WASHINGTON -- A specter is haunting the Republican Party -- though thankfully it is no longer the recently defeated Arlen Specter, who managed to be equally troublesome as both ally and foe. It is the specter of ideological overreach.
Some will immediately protest that President Obama and congressional leaders are the ones who are guilty of overreach. Which is also true. Tuesday was the latest in a series of elections that have punished not just incumbents but incumbents associated with the expansion of government. Even Democrat Mark Critz, the winner of this week's House special election in Pennsylvania, campaigned in opposition to health care reform.
That reform, judged purely as politics, will be remembered as a colossal strategic error. The bank and auto bailouts were unpopular but unavoidable. Health care reform was a challenge that Obama chased. Coming soon after a large Keynesian stimulus package, the creation of a new health entitlement ignited a national debate on the role of government, confirmed an image of Democratic profligacy and polarized the electorate -- all of which led to a backlash. If anyone can be considered the instigator of the tea party movement, it is Barack Obama.
Most of this reaction can be best described as Americans standing athwart the Democratic Congress, yelling Stop -- generally a useful enterprise. The problem comes when activists attempt to translate this tendency into a political philosophy.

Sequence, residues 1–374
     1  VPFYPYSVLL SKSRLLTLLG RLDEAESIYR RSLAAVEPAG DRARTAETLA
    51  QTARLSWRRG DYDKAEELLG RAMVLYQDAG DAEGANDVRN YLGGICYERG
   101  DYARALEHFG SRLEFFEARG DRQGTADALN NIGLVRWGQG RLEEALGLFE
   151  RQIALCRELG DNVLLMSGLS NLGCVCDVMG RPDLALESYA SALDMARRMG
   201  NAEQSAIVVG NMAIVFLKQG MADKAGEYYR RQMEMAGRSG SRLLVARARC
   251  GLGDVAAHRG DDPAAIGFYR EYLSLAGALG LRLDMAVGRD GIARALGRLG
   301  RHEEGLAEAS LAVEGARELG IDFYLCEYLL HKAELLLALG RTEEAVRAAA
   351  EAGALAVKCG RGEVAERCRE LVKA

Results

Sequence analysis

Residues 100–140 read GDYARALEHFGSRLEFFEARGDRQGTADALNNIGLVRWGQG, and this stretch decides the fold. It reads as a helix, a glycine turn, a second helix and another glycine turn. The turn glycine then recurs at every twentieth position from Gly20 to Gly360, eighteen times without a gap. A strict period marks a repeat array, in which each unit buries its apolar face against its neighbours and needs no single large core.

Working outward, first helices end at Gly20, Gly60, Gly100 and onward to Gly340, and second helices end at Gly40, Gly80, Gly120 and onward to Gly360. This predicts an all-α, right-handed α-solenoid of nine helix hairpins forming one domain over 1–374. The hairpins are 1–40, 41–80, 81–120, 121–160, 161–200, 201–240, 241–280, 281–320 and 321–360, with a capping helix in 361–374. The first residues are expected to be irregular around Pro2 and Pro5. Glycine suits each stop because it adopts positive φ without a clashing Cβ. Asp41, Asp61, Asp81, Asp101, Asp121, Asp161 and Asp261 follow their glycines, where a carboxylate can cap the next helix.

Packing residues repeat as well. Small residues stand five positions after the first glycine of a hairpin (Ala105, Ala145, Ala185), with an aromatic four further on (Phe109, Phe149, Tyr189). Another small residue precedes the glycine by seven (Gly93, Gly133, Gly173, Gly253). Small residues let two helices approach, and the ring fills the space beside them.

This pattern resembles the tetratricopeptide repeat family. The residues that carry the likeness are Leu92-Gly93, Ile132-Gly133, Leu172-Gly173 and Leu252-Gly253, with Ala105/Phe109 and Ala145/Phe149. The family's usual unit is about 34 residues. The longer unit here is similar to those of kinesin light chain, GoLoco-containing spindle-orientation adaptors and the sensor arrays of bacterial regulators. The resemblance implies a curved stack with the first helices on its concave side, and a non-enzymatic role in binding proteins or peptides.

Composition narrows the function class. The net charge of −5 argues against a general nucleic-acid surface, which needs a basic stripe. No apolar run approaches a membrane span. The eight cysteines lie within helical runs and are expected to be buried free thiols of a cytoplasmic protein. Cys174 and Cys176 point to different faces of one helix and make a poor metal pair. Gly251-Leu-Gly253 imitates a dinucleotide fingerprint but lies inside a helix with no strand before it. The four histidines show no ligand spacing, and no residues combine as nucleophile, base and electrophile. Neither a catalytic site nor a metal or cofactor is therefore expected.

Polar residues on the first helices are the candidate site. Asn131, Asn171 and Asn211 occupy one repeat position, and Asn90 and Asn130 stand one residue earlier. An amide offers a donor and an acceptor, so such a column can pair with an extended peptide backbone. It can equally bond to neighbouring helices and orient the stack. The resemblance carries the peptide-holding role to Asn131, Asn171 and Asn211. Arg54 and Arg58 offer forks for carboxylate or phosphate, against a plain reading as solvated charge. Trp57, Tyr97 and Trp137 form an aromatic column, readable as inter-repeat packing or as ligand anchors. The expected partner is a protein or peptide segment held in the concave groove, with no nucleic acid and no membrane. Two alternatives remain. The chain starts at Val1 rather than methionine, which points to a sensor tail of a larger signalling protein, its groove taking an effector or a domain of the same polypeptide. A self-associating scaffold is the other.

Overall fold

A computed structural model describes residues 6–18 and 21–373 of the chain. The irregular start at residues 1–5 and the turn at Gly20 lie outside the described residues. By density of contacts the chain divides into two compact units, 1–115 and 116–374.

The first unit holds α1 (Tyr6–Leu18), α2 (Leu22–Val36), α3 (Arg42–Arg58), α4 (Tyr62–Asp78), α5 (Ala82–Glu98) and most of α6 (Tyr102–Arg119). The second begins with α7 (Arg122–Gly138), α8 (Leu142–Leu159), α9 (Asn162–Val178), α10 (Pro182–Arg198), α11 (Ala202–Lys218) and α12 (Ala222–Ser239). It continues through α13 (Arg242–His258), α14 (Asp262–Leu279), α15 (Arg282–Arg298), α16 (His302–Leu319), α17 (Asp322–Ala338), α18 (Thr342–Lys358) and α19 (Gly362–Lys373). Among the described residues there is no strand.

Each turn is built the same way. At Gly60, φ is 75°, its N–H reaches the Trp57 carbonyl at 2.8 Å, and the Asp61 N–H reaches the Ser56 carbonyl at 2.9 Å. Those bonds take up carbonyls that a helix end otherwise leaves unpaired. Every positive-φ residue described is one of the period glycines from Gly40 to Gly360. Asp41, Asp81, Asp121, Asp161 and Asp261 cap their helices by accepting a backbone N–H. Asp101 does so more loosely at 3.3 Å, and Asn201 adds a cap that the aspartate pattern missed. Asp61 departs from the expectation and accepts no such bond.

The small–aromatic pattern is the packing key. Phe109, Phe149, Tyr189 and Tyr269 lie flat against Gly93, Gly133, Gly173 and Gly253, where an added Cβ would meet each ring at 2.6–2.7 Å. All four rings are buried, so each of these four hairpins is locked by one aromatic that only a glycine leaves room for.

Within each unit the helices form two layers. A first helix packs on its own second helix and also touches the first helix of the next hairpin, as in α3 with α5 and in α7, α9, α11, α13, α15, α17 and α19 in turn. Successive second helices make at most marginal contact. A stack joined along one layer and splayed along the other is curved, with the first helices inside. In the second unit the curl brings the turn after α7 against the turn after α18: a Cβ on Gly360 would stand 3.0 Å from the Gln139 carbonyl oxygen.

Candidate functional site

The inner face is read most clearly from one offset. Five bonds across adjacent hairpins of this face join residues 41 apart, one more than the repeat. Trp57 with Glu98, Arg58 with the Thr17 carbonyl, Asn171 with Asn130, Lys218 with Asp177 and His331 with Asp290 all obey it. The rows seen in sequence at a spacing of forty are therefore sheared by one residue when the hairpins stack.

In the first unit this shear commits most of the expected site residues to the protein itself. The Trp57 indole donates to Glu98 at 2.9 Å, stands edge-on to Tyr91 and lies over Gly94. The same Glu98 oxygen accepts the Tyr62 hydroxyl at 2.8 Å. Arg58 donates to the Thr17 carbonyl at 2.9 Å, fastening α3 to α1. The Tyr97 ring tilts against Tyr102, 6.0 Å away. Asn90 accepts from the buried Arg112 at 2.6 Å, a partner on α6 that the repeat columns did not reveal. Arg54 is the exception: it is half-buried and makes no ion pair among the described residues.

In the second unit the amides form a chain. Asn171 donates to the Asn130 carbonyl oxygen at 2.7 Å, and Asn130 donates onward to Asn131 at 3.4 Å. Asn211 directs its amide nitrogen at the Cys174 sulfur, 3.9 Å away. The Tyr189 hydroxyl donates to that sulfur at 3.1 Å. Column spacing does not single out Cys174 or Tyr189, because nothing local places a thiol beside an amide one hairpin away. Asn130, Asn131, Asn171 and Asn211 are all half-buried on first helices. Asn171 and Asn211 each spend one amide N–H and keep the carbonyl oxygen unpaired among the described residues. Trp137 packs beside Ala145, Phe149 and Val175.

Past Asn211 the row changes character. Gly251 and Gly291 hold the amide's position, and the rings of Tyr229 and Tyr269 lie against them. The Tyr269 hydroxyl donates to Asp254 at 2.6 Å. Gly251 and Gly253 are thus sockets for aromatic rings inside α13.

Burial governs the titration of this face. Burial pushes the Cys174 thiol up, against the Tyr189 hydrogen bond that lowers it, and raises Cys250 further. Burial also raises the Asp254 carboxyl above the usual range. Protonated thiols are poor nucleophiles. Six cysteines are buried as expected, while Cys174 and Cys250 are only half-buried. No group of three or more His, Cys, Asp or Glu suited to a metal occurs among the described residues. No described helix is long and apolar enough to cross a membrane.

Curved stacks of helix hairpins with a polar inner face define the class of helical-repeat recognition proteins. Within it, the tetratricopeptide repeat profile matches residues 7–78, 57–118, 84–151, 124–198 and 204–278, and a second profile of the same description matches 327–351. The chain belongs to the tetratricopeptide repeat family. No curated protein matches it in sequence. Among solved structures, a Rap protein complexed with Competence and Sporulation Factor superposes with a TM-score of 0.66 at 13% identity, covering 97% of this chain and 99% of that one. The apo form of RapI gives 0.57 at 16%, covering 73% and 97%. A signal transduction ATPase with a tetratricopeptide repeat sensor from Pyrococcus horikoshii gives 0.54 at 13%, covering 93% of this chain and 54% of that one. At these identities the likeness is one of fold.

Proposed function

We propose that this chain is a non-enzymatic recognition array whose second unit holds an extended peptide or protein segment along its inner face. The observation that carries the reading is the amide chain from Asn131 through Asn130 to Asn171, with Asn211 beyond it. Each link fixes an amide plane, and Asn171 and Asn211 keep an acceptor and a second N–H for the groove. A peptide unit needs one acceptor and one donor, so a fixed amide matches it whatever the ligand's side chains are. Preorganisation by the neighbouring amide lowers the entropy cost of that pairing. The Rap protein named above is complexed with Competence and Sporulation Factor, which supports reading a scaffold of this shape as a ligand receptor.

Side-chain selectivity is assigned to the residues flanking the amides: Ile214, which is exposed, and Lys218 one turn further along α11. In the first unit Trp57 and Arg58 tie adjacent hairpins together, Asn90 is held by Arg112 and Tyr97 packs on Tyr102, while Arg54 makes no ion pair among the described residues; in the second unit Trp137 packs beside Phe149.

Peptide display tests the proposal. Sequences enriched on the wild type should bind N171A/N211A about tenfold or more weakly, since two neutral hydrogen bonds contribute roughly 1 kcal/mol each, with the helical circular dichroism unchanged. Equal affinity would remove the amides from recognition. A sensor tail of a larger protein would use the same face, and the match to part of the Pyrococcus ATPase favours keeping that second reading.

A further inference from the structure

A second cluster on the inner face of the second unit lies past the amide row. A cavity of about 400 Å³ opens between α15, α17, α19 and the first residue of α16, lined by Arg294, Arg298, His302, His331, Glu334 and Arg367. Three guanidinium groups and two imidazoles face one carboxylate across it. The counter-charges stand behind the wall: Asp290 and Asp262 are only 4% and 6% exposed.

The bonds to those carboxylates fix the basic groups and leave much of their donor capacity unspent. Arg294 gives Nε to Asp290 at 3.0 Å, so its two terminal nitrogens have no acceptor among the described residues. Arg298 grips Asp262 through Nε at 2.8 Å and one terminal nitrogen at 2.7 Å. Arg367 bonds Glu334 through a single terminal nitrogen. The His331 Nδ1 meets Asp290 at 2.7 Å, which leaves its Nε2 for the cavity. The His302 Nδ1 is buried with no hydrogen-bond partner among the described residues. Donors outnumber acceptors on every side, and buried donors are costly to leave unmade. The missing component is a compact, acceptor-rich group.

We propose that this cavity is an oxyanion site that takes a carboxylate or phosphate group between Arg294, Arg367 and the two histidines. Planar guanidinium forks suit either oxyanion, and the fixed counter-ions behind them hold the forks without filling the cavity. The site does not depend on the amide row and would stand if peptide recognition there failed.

The tea party movement, being resistant to systemization, is resistant to characterization. But in its simplest form (and there seems to be no other form), it might be called "constitutional conservatism." It adopts a rigorous hermeneutic: If the Constitution does not specifically mention it, the federal government isn't allowed to do it. This represents a kind of 10th Amendment fundamentalism -- a muscular form of states' rights that would undo much of the federal role since Franklin Roosevelt, perhaps since Abraham Lincoln.
This philosophy has the virtue of being easily explainable -- and the drawback of being impossible. The current federal role did not grow primarily because of the statist ambitions of liberals; it grew in response to democratic choices and global challenges. Federal power advanced to rescue the elderly from penury, to enforce civil rights laws, to establish a stable regulatory framework for a modern economy, to conduct a global Cold War. The "establishment" that advanced and maintained this federal role included Harry Truman, Dwight Eisenhower and Ronald Reagan. In many areas, the federal government has gone too far, becoming bloated and burdensome. But the federal role cannot be abandoned.